-John Vettese

Postal Blue
Grade: C+

In the tradition of Creation and Sarah Records comes the quaint Brazilian quartet, Postal Blue. Let’s take a look at their first release play-by-play.

“Asleep” has all the makings of a twee pop classic. Resonant drums. Softly strummed guitars. The only thing that keeps it from perfection is the boring, shoegazer-inspired vocals. The song barely changes over its nearly 5 minutes.

“Summer is what you Call it” recalls a up and coming Scottish folk-pop band with its soft sweeping chorus. It might be the disc highlight.

When the first 10 of the 18 minutes are up, one hopes Postal Blue can pull some greatness out of its hat. “Maybe I’m Dreaming” isn’t it. This lackluster track sounds like a throwaway from the last Belle and Sebastian album.

“I know where your dreams go” closes out the four song EP in an epic, sweeping fashion. It’s not horrid, but it’s far from amazing.

The best thing about this self-titled debut EP is it sounds like it might float away at any moment. It’s also the worst thing.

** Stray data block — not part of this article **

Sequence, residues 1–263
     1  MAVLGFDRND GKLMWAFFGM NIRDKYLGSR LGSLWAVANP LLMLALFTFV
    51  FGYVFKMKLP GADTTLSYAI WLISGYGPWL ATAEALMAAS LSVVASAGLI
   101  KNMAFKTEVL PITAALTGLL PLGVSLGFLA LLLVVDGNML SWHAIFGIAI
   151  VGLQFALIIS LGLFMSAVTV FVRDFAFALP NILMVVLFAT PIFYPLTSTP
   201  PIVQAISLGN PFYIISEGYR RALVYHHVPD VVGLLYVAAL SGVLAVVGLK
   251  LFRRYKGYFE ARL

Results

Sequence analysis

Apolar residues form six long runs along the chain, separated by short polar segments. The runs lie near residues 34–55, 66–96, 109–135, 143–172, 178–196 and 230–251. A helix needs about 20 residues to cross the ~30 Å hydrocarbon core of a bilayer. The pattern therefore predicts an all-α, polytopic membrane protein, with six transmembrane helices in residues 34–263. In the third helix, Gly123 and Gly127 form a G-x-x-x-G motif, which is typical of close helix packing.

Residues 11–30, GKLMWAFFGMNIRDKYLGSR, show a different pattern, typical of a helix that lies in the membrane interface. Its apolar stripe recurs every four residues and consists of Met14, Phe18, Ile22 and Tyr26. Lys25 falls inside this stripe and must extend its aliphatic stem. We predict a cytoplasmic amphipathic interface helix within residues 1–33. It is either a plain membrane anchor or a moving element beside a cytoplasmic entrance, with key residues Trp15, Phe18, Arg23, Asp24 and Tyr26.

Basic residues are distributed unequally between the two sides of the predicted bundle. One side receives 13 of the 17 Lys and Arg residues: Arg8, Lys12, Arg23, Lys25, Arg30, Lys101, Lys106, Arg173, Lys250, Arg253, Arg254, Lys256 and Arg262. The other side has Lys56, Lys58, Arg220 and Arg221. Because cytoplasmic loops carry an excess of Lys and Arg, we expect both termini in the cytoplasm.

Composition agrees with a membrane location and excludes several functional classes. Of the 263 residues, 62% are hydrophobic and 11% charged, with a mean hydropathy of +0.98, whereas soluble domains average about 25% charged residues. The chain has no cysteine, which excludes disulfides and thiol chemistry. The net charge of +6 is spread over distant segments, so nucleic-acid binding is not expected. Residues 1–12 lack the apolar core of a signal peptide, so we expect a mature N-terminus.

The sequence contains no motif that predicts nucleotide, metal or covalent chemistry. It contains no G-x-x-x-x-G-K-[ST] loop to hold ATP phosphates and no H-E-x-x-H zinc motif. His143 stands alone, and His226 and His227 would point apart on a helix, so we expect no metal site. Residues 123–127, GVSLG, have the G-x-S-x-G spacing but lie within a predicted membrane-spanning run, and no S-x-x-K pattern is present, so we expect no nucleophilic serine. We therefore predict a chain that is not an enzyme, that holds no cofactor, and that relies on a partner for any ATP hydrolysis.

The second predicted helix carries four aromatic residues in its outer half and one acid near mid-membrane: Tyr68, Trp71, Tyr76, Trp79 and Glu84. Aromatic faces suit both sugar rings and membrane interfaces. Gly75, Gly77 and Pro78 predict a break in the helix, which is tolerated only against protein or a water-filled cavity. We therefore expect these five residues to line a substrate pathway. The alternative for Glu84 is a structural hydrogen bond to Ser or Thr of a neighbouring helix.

-Neal Ramirez

New Killer America
Grade: A+/F-

You can tell that Skrape isn’t any ordinary, watered-down, “in-your-face,” neo-metal band. They’re extra hardcore. That’s why they spell their name with a “k.”

They prove it on New Killer America…oh, wait, they don’t prove shit. They are just another crappy neo-metal band who thinks they’re cool because they spell words wrong. It may only be mid-April, but this album is a contender for worst of the year.

You sort of have to feel bad for the poor sucker who convinced RCA not only to sign these saps, but to also spend large amounts of money packaging this crap-fest in a beautiful enhanced CD.

New Killer America does have its plus features, though. It’s quite handy to “skrape” dog shit and gum from the crannies of your sneakers.

-Jeremy Smith

New Points New Lines
Grade: A

With a sound reminiscent of late-1970s/early-1980s New York punk rock with a hint of garage rock thrown in for good measure, Boston’s Toulouse is definitely a revelation in this day and age. Each song on New Points New Lines is complete with heavy drums and bass, Hammond organ riffs, and cheeky lyrics. Toulouse represent what indie music should sound like in that they are sloppy and a bit chaotic, but they have a fun vibe that is too often missing from today’s college music.

The best part is that Toulouse are smart and clever; for too long we have had to listen to the plights of youth from the likes of Fred Durst, Eminem, and other sophomoric morons. Finally, there is an album out there that tells things from an intelligent point of view.

-Maureen Walsh